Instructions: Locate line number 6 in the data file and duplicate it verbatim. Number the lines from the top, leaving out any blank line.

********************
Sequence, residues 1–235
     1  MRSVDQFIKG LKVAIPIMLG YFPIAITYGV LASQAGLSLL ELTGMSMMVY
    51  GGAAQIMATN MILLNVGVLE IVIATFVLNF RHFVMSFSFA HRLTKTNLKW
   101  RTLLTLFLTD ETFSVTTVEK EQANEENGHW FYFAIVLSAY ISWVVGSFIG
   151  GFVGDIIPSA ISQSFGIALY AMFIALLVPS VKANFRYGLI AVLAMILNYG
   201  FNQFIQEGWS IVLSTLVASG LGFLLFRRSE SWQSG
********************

   201  FNQFIQEGWS IVLSTLVASG LGFLLFRRSE SWQSG